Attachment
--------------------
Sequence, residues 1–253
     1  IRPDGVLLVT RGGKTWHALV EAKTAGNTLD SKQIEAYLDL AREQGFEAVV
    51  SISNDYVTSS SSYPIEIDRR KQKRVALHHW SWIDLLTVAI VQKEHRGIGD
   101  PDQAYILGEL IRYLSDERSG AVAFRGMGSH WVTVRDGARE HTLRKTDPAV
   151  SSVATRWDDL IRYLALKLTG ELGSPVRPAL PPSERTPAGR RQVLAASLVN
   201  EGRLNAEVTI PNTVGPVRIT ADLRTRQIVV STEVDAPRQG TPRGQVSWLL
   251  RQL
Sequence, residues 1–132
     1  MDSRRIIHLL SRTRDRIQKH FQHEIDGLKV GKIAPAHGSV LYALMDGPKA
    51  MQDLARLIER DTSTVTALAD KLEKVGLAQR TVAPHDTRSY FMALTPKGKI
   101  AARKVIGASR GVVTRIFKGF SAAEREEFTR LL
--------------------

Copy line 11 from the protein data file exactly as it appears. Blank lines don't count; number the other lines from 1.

   101  AARKVIGASR GVVTRIFKGF SAAEREEFTR LL